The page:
Before a standard labelling system was developed, the methods adopted for labelling products were inconsistent and prone to error. Different organisations used different ways of recording the same information. For example, hematopoietic progenitor cells might be identified by a patient’s name and date of birth, or by their hospital ID number, creating potential for confusion and misidentification once the product had left the hospital. Sometimes, labels were handwritten, meaning poor legibility or missing information could add to the problem.

Accuracy, security and traceability

In 1994, the newly formed ICCBBA introduced a labelling standard, ISBT 128, as a method for labelling blood products. The letters in ISBT 128 stand for International Society of Blood Transfusion, and as a new standard it was comprehensive, mandating standardised terminology for each piece of information on the labels of MPHOs. Every product that conforms to the standard must have the product information encoded in a barcode. But the label must also contain information readable by eye, such as the patient’s name and product description, to reduce the risk of error when products from multiple sources are used. This is particularly useful, says Szczepiorkowski, in countries where there may be no technological means of reading the barcode.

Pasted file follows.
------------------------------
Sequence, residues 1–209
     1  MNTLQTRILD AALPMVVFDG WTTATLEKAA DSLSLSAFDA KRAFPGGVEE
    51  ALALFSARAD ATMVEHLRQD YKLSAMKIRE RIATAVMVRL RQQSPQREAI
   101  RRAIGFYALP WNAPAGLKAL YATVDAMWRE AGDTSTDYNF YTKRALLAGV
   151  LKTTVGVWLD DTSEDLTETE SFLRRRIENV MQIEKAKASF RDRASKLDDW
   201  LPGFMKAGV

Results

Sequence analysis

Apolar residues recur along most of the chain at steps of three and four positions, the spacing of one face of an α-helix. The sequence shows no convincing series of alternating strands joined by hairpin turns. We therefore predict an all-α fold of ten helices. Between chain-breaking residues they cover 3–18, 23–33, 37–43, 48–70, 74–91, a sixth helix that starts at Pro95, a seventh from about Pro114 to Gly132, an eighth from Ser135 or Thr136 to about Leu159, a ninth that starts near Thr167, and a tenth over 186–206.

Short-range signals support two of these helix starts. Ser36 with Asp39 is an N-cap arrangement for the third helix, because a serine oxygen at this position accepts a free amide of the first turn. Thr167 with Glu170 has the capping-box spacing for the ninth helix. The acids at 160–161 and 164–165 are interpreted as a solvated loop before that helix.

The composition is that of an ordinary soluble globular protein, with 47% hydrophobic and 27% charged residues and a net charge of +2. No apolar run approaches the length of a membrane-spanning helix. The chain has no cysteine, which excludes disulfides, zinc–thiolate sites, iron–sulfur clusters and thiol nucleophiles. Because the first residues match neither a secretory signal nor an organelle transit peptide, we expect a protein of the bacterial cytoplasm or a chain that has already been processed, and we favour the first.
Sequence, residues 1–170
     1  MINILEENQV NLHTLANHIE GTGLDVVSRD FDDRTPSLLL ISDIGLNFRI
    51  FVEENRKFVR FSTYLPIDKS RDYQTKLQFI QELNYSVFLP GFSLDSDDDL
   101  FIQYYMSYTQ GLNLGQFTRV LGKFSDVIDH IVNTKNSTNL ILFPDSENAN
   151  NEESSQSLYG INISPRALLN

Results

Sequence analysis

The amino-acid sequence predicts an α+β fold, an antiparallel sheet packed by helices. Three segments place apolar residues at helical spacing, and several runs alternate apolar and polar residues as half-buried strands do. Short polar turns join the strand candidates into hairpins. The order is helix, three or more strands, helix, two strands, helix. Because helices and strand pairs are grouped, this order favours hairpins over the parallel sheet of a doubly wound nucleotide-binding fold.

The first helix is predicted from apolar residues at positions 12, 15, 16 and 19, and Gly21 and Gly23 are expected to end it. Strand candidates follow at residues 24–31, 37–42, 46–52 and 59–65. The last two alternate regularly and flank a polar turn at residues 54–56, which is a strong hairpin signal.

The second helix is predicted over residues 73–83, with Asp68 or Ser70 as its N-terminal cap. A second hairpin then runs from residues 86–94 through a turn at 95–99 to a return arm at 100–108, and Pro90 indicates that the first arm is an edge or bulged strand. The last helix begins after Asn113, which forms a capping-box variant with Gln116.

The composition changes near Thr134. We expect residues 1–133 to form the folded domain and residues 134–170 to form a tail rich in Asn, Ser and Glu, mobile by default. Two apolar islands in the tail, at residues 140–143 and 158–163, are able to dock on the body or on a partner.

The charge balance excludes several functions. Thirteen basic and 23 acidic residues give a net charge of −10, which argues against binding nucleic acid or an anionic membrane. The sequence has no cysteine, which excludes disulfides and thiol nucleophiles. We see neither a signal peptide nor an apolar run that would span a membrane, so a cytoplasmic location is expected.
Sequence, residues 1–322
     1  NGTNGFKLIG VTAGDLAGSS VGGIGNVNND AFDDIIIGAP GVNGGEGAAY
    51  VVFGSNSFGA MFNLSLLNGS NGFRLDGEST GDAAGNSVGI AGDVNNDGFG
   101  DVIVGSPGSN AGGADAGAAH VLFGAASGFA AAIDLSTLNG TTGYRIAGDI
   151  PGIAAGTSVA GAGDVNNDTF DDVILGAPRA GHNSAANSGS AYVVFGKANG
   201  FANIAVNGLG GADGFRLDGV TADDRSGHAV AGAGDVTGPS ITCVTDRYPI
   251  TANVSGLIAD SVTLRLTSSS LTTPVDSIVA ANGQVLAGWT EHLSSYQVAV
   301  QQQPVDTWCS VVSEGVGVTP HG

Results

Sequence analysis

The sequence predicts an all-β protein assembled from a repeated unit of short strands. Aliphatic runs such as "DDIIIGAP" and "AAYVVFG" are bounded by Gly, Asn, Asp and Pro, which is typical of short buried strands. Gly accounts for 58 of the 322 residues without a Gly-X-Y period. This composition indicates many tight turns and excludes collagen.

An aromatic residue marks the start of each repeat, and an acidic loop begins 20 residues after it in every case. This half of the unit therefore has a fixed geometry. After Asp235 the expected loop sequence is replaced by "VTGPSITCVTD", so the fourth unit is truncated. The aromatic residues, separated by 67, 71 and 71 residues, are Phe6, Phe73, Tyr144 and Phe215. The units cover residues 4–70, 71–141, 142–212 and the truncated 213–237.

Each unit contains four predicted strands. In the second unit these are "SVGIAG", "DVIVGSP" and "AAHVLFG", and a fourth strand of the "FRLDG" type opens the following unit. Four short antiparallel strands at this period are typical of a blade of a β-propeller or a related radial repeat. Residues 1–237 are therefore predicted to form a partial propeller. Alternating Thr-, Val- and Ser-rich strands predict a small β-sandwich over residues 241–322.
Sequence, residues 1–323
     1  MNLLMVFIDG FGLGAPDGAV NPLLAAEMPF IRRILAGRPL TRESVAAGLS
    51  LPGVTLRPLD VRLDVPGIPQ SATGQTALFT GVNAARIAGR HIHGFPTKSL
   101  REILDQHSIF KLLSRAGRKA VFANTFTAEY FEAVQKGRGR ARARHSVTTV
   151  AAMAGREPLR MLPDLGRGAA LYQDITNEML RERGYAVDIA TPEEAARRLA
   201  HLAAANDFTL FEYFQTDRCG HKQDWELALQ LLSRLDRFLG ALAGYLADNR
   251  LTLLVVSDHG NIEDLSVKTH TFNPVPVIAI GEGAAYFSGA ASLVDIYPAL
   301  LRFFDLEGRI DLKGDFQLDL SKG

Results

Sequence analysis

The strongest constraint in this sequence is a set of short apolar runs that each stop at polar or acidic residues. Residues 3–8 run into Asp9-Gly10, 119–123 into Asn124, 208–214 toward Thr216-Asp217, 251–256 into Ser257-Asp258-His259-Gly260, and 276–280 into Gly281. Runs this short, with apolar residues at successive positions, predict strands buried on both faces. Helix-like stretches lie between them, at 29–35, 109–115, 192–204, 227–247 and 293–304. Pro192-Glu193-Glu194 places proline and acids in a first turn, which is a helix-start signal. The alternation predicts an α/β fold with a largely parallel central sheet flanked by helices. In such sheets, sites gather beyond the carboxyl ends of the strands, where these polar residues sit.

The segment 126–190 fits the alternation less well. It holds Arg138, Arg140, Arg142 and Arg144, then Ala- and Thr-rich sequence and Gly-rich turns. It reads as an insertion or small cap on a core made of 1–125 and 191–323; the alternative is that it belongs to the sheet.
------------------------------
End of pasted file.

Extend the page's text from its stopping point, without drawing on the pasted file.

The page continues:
ISBT 128 aims to ensure that information critical to patient safety can pass through the supply chain accurately, securely and in a manner ensuring the product can be traced. As an example, if a recipient experiences an adverse event from an MPHO, other products from the same source can be quickly identified and quarantined.

Standardised terminology for cell therapy